Merchant of Death
Money, Guns, Planes, and the Man Who Makes War Possible

Blood from Stones

Visit Douglas Farah's
author page at

Press Releases

The Spreading Al Qaeda Movement
The recent attack in Algeria by Al Qaeda's Committee in the Islamic Maghreb in Algeria, coupled with the re-emergence and spread of the Islamist presence in Somalia, clearly show two things:

1) That the macro strategy of the core al Qaeda of fomenting the creation of small, autonomous groups to carry out _jihad_ is firmly taking root and

2) That Africa, from the Northern tier to the Horn, with a network to Southern Africa and tactical alliances in West Africa, have made that continent one of the most important battle grounds in the long war on Islamist terrorism.

Algeria is particularly important because of its proximity to Europe and the large presence of Algerian diasporas in many European countries, and the radicalization of many of these diaspora groups.

The ability of the Algerian group to inflict large-scale casualties, the possible role of the group in fomenting violence in neighboring Morocco, and its operational presence down to Mali all indicate some important growth and growing capacity.

It is interesting that in many of the areas where Al Qaeda's Committee in the Islamic Maghreb is growing in Africa have seen the growth of the presence of Saudi-financed Saudi _wahhabist_ mosques and madrassas.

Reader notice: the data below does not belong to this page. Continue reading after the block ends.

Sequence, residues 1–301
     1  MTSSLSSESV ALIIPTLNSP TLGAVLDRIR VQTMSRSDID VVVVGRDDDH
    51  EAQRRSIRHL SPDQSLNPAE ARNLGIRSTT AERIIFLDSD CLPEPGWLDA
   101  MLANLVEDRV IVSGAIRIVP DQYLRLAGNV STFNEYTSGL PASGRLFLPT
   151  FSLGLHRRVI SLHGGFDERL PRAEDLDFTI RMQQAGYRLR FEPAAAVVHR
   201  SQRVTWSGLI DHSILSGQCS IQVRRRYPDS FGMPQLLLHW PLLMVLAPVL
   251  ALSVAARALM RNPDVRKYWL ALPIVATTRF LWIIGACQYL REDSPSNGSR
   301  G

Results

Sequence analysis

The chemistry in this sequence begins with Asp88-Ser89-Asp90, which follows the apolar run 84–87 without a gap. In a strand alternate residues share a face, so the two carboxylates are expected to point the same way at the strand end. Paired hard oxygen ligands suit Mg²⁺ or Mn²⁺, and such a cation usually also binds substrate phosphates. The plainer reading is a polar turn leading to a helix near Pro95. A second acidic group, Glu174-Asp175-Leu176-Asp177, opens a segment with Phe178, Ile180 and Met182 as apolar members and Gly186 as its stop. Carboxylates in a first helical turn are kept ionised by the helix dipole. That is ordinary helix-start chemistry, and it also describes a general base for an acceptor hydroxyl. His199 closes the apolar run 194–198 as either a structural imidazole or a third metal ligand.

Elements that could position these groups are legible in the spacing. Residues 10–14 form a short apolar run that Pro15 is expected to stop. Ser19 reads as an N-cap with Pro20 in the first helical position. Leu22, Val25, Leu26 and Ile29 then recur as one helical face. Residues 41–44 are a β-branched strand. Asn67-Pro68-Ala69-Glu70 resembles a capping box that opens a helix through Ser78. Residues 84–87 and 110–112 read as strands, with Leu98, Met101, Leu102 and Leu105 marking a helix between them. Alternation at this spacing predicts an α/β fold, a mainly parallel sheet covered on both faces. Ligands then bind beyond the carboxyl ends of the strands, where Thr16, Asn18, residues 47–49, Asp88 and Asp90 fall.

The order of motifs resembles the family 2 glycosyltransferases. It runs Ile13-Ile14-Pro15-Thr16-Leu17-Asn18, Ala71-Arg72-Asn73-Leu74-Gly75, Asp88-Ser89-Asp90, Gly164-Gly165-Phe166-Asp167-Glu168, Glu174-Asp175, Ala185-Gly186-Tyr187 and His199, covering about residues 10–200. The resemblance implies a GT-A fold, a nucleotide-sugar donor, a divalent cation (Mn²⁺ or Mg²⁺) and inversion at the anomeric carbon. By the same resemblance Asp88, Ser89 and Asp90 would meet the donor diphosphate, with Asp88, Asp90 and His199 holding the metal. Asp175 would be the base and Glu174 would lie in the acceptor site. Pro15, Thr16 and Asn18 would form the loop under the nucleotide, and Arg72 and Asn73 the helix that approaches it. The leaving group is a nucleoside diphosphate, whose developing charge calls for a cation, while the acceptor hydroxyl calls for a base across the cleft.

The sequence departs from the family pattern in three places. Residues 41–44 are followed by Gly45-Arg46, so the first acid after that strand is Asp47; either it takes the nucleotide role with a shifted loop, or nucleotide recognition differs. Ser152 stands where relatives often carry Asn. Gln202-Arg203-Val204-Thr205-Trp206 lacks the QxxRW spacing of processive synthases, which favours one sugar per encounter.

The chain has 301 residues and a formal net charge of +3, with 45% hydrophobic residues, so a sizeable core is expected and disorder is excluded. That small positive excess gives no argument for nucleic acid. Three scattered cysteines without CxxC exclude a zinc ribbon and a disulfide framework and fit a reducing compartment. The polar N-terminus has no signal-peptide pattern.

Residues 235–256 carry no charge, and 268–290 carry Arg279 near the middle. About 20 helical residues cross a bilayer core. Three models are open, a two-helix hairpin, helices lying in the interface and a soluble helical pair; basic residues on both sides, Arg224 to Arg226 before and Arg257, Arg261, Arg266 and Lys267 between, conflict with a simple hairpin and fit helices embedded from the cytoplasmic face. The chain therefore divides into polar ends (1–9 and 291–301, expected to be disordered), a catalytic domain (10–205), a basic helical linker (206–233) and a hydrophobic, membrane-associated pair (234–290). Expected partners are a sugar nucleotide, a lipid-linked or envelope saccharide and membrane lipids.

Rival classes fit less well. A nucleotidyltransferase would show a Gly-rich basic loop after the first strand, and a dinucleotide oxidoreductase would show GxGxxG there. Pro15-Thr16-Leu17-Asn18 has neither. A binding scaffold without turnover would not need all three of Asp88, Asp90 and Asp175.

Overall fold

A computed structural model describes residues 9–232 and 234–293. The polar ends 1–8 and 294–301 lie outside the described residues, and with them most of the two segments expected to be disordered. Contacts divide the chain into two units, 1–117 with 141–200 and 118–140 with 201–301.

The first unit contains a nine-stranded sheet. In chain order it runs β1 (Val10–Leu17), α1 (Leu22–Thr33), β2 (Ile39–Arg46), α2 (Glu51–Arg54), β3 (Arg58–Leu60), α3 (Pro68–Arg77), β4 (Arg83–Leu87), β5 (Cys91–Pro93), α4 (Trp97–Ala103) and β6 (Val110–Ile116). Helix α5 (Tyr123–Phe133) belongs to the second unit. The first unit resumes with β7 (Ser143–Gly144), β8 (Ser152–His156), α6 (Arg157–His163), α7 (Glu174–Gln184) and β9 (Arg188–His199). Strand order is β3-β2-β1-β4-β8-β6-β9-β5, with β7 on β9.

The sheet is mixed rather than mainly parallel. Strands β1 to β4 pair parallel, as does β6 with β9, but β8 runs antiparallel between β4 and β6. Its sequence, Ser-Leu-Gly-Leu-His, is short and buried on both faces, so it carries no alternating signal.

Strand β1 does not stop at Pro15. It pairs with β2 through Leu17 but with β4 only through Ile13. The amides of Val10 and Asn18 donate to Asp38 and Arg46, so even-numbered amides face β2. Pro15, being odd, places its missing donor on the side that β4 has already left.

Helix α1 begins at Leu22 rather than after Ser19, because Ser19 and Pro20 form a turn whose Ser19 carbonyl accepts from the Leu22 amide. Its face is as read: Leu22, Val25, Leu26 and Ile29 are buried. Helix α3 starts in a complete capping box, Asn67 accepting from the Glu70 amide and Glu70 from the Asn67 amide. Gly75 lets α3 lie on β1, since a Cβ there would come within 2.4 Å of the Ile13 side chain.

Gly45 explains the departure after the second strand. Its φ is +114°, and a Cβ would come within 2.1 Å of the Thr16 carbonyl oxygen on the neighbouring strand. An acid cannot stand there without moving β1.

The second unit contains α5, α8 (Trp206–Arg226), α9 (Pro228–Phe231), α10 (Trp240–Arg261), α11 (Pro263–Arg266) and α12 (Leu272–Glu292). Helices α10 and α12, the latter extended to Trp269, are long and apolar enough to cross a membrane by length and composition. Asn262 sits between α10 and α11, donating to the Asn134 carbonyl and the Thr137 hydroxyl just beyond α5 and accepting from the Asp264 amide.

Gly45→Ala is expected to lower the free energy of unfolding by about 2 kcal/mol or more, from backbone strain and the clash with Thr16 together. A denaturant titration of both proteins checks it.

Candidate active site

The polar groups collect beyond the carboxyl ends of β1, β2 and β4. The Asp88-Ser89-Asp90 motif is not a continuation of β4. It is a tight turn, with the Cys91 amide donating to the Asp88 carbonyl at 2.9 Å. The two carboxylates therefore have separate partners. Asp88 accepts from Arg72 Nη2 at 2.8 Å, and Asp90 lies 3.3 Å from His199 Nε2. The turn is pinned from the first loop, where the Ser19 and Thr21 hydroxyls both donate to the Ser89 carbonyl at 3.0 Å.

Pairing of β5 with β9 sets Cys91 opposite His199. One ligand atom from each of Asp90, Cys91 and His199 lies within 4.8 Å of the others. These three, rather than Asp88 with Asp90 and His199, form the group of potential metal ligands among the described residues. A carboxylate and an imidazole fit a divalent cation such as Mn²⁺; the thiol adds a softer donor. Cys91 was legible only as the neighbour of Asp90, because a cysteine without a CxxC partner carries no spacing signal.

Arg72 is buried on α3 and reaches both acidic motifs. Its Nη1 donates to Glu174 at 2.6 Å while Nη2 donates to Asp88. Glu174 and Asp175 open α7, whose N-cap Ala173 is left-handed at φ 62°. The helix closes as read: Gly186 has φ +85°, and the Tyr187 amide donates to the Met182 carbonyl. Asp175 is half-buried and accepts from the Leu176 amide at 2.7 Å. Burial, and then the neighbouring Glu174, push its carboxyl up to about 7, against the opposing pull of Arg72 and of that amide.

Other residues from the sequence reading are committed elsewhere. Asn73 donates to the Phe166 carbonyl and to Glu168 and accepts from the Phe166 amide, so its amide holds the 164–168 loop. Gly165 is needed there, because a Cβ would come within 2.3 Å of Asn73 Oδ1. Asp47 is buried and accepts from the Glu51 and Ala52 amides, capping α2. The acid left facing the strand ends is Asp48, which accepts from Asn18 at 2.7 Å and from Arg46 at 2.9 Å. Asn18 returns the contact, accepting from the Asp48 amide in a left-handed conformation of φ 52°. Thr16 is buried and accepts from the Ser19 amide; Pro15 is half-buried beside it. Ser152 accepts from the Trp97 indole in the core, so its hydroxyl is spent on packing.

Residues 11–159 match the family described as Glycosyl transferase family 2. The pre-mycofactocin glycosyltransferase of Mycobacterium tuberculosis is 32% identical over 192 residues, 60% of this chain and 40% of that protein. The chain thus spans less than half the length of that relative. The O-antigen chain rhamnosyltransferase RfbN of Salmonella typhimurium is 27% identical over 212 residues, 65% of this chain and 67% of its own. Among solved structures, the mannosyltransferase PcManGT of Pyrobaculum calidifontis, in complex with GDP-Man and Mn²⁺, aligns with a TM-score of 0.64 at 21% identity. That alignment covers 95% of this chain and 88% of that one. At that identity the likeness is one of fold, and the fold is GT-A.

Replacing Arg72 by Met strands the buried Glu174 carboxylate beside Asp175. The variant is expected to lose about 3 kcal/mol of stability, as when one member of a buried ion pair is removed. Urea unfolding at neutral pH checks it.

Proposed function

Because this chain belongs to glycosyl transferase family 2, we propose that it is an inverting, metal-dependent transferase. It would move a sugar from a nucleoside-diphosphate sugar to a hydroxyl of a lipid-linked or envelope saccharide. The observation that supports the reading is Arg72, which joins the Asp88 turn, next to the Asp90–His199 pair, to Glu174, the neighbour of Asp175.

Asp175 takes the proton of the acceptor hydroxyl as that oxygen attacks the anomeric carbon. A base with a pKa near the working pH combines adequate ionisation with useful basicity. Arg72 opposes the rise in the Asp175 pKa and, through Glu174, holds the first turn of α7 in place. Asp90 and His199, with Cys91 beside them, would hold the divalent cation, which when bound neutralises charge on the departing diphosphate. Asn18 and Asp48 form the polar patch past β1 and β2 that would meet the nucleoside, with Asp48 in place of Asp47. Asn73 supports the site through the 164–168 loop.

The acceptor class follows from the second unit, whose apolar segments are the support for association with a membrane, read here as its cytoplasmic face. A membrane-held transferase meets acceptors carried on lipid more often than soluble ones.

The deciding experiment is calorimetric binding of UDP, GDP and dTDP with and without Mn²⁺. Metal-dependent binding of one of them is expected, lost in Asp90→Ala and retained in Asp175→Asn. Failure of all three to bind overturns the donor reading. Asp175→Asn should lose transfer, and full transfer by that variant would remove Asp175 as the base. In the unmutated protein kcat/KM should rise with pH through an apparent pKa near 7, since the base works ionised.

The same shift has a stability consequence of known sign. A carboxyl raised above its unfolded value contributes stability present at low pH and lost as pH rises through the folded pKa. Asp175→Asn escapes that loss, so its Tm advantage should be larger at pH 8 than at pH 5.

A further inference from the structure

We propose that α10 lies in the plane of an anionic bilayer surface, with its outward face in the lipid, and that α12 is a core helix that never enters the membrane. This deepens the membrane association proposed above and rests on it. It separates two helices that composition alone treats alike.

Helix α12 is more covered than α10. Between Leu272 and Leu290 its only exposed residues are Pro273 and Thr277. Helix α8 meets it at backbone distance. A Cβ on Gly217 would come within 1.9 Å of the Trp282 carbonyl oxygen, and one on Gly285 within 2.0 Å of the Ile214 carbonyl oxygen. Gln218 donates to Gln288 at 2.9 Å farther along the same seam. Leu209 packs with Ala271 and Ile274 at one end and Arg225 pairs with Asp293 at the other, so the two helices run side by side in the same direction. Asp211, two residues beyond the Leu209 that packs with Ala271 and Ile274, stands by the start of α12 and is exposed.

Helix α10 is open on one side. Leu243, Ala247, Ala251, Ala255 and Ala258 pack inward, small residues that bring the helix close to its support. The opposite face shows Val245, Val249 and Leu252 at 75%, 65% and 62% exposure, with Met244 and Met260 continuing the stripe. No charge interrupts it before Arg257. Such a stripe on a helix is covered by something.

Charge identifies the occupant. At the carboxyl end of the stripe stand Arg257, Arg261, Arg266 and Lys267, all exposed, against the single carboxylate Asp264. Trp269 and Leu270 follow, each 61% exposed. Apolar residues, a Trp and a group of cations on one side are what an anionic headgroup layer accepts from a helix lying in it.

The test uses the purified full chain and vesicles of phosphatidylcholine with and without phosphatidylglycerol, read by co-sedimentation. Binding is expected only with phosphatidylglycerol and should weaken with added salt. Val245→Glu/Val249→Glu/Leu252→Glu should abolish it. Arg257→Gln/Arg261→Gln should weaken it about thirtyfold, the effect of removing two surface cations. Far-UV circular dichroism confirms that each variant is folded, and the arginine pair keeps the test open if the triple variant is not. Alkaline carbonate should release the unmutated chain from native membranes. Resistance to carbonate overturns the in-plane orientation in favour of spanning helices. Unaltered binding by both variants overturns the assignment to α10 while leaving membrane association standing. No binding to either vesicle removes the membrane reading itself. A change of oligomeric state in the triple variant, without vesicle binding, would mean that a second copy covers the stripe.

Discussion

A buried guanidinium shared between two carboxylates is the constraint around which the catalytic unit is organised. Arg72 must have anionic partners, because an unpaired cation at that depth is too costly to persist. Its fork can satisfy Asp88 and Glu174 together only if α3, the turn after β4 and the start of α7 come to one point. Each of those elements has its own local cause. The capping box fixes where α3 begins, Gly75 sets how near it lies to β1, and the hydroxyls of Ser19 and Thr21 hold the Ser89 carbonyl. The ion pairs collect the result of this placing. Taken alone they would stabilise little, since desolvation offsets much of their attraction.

It is part of a clear pattern that has emerged in Europe and Southeast Asia as well as the Arab peninsula: The radicalizing message of the _wahhabist_ preachers accompanies the recruitment of combatants, suicide bombers and others into the violent _jihadist_ movements.

This is true too in many of the Muslim Brotherhood-dominated mosques in Europe, who often preach similar messages of hatred toward the West, as has been amply demonstrated in recent taped statements in Britain and elsewhere.

Unfortunately, the only tool in the tool box that seems to be available in the eyes of policy makers in dealing with the developments in Africa, is the military.

Given that the new Africa Command will take some time to be operational, and the fact that U.S. forces are already stretched beyond any reasonable limit, this is already a tool that is of limited effectiveness.

What is more alarming is that there seems to be so little thinking about using the tools of intelligent public diplomacy, outreach, serious intelligence-gathering or any other tool, in the region.

The default position seems to be to view the problem of spreading Islamist terrorism as a military one and shovel the responsibility to a military that no longer has the resources to tackle the problem, laying aside whether it is the most appropriate instrument to begin with.

The result will be (and has been) abandoning the field of non-military combat entirely to the _salafists_. There is no significant effort to counter the radicalization in any way.

One of the results is that we will see more semi-autonomous groups spreading more havoc, following in the wake of radical Islamist preachers funded by Saudi Arabia. Not a pretty picture.
The Islamist Charm Offensive
The Ineffectiveness of the UN Travel Ban Lists
Maintained by Winter Tree Media, LLC